South Africa

South Africa

Yearly Weather

South Africa has a warm temperate climate making it a popular spot for foreign visitors. South Africa is a relatively dry country and is well known for its sunshine. With an average annual rainfall of only 464mm (18.2 in), the Western Cape gets most of its rainfall in winter.

Best time of the year to travel to South Africa depends on what you want to do. The flowers are at their best in August and September. The best time for game viewing is in the late spring months of September and October. The Southern Right Whales are off the coasts from about mid-June to the end of October.

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Travel Facts


Your passport must be valid for at least 30 days after your intended date of departure from South Africa.

South African law requires travelers to have two fully blank visa pages. Blank “endorsement” pages are not sufficient. The blank pages must be “visa” pages. All travelers should have at least two fully blank passport visa pages upon each arrival in South Africa, including following trips to neighboring countries.

Travelers without the requisite blank visa pages in their passports will be refused entry into South Africa, fined, and returned to their point of origin at their own expense.

As a general precaution, all travelers should carry a photocopy of the photo/bio information page of their passport and keep it in a location separate from their passport.

U.S. citizen visitors to South Africa for stays of up to 90 days for tourism, short business meetings, or in transit do not require visas in advance. Visitor visas will be issued at the port of entry in South Africa. Applications to extend visitor visas may be submitted for a single 90-day extension while in South Africa and must be submitted at least 60 days prior to the expiry of the current visa. Additional extensions will not be accepted unless the visitor is in need of emergency life-saving medical treatment for longer than three months, or is an accompanying spouse or child of a holder of a business or work visa, who wishes to apply for a study or work visa.


South Africa requires a valid yellow fever certificate from all foreign visitors and citizens over 1 year of age traveling from an infected area or having been in transit through infected areas.


The South African electricity supply is 220/230 volts AC 50 HZ.

Most plugs are 15 amp 3-prong or 5 amp 2-prong, with round pins. If an adaptor is called for, consider bringing one with you, although they can be purchased locally.

US-made appliances may need a transformer. (Bring an All in One adapter with you!)

Most hotel rooms have 110-volt outlets for electric shavers and appliances.


Drinking water in South Africa is safe to drink and cook with when taken from taps in urban areas. Not all tap water in rural areas is safe for consumption, so take precautions if necessary.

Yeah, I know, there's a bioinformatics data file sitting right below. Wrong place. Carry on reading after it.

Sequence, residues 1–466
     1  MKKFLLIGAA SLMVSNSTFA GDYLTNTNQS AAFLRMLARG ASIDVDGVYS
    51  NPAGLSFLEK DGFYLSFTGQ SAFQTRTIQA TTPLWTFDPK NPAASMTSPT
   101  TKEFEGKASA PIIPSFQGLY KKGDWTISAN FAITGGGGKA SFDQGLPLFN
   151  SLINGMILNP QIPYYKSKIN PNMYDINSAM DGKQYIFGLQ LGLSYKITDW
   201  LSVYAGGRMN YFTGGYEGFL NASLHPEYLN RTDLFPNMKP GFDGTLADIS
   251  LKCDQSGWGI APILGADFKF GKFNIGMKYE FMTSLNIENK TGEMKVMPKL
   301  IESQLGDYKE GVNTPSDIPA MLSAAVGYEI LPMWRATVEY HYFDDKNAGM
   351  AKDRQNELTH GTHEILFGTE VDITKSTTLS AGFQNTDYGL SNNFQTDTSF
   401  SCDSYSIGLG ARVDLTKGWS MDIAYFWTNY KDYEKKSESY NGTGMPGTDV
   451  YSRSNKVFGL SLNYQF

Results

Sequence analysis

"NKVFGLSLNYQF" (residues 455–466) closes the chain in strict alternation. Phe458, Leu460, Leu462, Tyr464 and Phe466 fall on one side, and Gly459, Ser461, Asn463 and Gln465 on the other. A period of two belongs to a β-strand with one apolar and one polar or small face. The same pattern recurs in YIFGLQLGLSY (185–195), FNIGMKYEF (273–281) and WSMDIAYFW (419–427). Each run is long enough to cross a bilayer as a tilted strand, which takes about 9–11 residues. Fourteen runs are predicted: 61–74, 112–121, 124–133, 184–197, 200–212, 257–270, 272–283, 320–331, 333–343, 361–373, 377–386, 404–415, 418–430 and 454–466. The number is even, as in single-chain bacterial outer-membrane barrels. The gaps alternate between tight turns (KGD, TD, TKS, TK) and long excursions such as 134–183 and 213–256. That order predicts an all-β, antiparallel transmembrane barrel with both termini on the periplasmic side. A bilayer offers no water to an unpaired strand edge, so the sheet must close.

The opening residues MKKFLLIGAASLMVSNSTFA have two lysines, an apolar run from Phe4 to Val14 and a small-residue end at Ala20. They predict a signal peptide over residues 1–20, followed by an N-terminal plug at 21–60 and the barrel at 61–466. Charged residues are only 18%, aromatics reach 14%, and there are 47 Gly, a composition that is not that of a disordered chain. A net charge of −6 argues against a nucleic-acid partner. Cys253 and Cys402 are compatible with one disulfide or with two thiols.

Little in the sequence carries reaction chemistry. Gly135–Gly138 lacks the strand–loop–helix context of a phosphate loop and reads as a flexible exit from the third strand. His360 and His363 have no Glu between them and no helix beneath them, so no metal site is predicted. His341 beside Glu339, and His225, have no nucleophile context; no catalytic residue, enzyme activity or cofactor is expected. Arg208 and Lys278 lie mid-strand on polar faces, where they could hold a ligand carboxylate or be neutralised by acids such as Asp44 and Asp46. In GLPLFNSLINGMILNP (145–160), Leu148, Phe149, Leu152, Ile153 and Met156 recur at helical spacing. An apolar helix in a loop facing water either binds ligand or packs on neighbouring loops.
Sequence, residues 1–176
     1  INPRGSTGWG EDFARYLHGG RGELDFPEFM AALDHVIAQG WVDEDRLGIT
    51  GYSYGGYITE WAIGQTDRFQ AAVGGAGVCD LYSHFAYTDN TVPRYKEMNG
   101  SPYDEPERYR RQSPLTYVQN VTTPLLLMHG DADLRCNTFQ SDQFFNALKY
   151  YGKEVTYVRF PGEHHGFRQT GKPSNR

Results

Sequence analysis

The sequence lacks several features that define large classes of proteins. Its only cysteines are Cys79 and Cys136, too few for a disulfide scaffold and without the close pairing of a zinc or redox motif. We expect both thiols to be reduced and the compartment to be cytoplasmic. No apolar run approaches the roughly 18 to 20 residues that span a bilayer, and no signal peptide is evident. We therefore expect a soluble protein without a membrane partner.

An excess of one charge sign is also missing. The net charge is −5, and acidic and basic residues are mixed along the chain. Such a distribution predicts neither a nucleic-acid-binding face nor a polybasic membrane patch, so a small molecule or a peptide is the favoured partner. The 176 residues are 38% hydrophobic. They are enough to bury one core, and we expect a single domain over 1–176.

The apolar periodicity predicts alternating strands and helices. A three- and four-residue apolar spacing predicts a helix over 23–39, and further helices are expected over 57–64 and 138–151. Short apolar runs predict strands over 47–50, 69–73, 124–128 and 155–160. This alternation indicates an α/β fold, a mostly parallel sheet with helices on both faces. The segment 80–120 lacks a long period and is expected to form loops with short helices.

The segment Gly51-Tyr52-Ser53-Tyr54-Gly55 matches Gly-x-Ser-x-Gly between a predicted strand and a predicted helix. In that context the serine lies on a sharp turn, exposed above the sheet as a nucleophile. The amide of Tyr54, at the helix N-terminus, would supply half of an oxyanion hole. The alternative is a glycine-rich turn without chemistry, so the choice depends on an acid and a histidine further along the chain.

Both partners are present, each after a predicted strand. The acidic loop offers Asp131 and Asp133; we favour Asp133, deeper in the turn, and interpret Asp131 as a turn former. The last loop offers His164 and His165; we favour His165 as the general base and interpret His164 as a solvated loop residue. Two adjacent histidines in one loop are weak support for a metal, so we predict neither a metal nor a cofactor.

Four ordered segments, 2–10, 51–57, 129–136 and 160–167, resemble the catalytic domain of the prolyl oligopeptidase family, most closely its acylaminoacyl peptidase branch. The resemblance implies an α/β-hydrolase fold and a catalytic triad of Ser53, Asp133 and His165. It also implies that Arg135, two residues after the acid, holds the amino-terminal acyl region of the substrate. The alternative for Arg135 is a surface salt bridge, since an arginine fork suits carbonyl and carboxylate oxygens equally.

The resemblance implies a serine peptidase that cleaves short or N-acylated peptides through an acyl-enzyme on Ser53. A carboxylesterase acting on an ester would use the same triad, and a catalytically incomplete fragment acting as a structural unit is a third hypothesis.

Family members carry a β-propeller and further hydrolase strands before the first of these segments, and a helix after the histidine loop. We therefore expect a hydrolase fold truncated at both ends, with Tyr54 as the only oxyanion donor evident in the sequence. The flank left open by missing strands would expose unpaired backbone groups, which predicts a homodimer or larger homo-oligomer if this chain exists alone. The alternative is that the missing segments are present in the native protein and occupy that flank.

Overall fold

Tap water undergoes treatment which ensures it is free of harmful micro-organisms and contaminants. In some areas, South African drinking water is rich in minerals and may involve a bit of getting used to.


For the summers, bring clothes that are cool, light and comfortable because summer temperatures can get well into the 30-degree range in some areas.

Bring an umbrella or raincoat during summer as this is when most of the country gets its rain.

The winters are generally mild, comparing favorably with European summers. But they do get some days when temperatures dive, especially in high-lying areas such as the Drakensberg, so be prepared with jerseys and jackets. Cape Town gets its rain during the winter season so it’s advisable to bring rain gear along.

Always bring a hat, sunglasses and sunblock as the sun can be strong even in the winter months.

Walking shoes are a good idea all year-round, with warm socks in the winter.

For game viewing, a couple of neutral-toned items will be useful, but there’s no need to go overboard. A good pair of walking shoes is also advisable.


South African safety precautions are not unlike those recommended when traveling to other countries and major cities. More common sense than hard and fast measures, safety precautions in South Africa mostly require vigilance on behalf of the traveler and sound travel preparation.

Important South African safety advice includes avoiding deserted areas at night; securing valuables such as photographic equipment and wallets on your person; and leaving expensive, flashy jewelry in your hotel safe while out and about.

Other safety precautions you may want to consider include:

Locking valuables and luggage away in the car boot while traveling (never leave handbags or cameras on car seats)

Being vigilant of your luggage and other belongings (never leave them unattended).

Storing valuables in your hotel safe.

Limit the amount of money you carry on your person. Also, don’t accept offers of assistance at ATMs and keep your pin numbers secure.

When using a credit card in restaurants, ask the waiter to bring a portable credit card machine to your table. Report stolen or lost cards immediately.

In rural areas, watch out for wild or farm animals – road signage will warn you when you need to take care.

If you intend traveling to malaria areas, take the necessary prophylaxis before you leave home.


The currency of South Africa consists of banknotes and coin and is denoted in Rand (R) and Cents (c). It is managed by the Bank as prescribed in schedule 2 of the South African Reserve Bank Act 90 of 1989.



It is expected for diners to tip a standard 10-15 percent of the bill in both bars and restaurants. Similar to Canada, low-paid wait staff rely on gratuities as part of their income.

Our suggestions for daily tipping are the following:

Drivers: $ 2.00 to $ 5.00

Tour Guide: $ 10.00 to $ 20.00

House Keepers: $ 2.00

Porters: $ 1.00 per luggage